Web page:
- Title: USA: Skiers in New Hampshire talk politics on the slopes
- Date: 9th January 2012
- Summary: MORE OF PEOPLE SKIING ON THE SLOPES
- Embargoed: 24th January 2012 12:00
- Location: Usa, Usa
- Country: USA
- Topics: Politics
- Reuters ID: LVAD5DE5OOKARNQDVQRNAUW1XOGI
- Story Text: Skiers at Pat's Peak in southern New Hampshire enjoyed the slopes on Sunday (January 8), but many realized their attention would soon turn to casting their votes in the primary election on Tuesday (January 10).
"It should be an interesting race. I'm actually undecided. I don't know who I'm going to vote for right now. I think all the candidates in last night's debate, it went really well, here in the state. I think that is should be interesting. I think economy is big for me. I want to see who can get us the most jobs right now and get us out of this economic funk that we're in," said one skier, Robert Buttrick.
All eyes are on Republican frontrunner Mitt Romney, with some saying he will remain in the top spot.
"I know Mitt Romney seems to be doing really well and you know, he's close to home here so we sort of know him and like him and he seems sort of moderate so I think that's sort of the way we're thinking right now, but I don't know that anything's really wrapped up," said Ben Winther.
"I think Mitt Romney...I think being from Massachusetts, being local, he's familiar. I think he seems the most presidential to me. I think he seems confident. I feel...I don't know," said skier Lisa Neikam.
The race for second place Republican finisher could prove to be key as the primary cycle moves to South Carolina. Former Pennsylvania Senator Rick Santorum, Libertarian congressman Ron Paul, former U.S. House of Representatives Speaker Newt Gingrich, Texas Governor Rick Perry and former Utah Governor Jon Huntsman all vying for the spot.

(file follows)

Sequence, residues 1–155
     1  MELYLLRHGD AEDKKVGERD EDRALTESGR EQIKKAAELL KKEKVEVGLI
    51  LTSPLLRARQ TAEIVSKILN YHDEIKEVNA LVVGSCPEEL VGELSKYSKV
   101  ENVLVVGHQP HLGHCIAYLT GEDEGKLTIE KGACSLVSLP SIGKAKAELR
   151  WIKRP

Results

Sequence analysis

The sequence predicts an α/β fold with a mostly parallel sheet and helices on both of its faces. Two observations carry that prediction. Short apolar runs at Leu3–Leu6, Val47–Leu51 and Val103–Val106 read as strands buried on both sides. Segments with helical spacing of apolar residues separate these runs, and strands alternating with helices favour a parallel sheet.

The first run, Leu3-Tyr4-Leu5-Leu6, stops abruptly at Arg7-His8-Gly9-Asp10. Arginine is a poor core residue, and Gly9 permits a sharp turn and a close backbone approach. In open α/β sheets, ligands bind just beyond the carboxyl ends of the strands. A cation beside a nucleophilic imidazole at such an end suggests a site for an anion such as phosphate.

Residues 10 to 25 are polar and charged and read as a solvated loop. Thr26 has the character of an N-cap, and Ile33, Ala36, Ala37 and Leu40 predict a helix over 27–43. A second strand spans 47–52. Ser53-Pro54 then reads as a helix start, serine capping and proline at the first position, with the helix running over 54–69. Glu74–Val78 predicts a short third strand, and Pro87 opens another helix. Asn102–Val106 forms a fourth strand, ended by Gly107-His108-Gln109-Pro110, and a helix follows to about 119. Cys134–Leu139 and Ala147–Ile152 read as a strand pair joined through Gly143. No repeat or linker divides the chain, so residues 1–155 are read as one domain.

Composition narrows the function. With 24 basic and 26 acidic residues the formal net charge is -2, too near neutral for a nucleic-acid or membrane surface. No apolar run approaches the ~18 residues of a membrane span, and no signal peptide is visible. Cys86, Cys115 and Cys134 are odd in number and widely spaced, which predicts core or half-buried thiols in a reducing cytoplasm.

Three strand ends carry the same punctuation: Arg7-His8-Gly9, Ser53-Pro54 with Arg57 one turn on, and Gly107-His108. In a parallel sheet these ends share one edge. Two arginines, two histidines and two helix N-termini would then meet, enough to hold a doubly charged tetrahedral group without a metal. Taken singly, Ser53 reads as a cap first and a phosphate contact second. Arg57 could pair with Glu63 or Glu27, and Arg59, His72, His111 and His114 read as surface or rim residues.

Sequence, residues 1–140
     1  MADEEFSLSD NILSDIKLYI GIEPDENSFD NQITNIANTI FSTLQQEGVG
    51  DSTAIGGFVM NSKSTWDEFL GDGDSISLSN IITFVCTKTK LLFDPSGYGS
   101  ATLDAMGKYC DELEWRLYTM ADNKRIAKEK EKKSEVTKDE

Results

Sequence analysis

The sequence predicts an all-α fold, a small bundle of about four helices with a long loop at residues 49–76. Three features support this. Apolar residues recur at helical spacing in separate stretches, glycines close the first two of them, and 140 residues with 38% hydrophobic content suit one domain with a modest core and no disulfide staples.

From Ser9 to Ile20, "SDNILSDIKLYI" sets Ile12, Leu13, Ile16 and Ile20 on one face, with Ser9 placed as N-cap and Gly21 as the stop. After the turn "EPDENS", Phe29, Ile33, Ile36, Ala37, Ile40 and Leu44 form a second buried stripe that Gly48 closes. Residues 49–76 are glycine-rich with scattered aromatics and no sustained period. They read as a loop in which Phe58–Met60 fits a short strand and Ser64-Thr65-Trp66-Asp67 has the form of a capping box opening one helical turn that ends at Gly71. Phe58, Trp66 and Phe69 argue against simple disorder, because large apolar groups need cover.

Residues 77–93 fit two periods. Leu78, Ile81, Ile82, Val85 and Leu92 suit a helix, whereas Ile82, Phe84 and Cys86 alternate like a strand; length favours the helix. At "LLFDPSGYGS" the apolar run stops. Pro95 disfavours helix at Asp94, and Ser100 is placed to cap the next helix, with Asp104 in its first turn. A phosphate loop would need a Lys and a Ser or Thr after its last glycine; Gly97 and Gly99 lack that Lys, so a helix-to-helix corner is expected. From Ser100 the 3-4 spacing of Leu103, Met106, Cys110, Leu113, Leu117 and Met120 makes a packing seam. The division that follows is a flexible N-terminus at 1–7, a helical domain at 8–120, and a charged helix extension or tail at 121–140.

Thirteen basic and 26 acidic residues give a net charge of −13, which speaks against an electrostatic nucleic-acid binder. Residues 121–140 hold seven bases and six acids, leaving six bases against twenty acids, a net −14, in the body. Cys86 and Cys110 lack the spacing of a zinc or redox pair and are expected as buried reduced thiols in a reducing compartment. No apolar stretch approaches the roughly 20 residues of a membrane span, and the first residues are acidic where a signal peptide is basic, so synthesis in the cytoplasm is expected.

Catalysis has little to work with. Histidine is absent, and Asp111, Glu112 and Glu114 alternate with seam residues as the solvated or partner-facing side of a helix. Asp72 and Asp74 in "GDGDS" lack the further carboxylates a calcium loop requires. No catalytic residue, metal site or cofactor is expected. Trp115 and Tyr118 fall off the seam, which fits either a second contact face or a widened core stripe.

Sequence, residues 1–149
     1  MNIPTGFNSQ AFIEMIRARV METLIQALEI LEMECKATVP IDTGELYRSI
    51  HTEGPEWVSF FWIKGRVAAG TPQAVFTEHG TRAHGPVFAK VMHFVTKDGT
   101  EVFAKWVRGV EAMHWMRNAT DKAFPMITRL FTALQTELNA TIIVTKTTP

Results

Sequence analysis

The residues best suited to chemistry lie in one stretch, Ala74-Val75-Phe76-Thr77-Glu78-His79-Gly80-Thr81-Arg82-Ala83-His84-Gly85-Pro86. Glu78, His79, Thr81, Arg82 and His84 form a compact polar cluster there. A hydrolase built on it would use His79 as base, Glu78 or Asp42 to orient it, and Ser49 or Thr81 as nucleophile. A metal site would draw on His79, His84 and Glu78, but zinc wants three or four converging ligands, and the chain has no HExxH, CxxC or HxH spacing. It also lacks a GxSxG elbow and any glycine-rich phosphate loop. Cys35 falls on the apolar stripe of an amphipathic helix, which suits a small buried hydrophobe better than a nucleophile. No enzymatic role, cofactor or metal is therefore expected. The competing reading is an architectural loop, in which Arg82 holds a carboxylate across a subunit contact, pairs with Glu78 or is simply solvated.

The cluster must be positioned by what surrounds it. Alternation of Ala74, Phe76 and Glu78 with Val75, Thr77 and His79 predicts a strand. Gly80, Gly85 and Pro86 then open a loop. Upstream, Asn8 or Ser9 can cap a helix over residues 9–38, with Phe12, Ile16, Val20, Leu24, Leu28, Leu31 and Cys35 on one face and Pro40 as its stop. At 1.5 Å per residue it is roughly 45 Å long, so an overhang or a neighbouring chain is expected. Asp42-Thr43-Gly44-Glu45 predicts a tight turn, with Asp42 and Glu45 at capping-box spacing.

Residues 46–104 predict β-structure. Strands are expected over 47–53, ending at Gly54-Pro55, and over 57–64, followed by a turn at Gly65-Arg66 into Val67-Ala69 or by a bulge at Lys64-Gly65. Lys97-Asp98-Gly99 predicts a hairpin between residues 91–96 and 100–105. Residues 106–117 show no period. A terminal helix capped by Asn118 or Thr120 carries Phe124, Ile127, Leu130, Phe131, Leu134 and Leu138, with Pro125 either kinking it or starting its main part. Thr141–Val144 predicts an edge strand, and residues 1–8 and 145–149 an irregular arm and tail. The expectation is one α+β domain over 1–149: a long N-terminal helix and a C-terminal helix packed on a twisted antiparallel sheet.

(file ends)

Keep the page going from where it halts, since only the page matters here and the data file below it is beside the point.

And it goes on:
Although Romney forged a slight victory over Santorum in the Iowa caucuses last Tuesday (January 3), a back-to back win in New Hampshire would be a feat never achieved by a Republican candidate who is not an incumbent, adding to a sense of inevitability about his candidacy.
Criticism of Romney has zeroed in on whether the former governor of a moderate New England state would be the strongest candidate to fly the conservative flag against President Barack Obama in the November election.
"Not Mitt Romney," said Heidi Quinn.
"I want a businessman there. That's what I want. Someone who can make the decisions and can help us with our deficit. And that type of thing. I feel like we need a businessman in there," she added.
The latest from Suffolk University/7 News poll shows front-runner Romney carrying 35 percent of the vote, Paul 20, undecided 15 percent and Huntsman placing fourth with 11 percent. Santorum and Gingrich were polling well under 10 percent.
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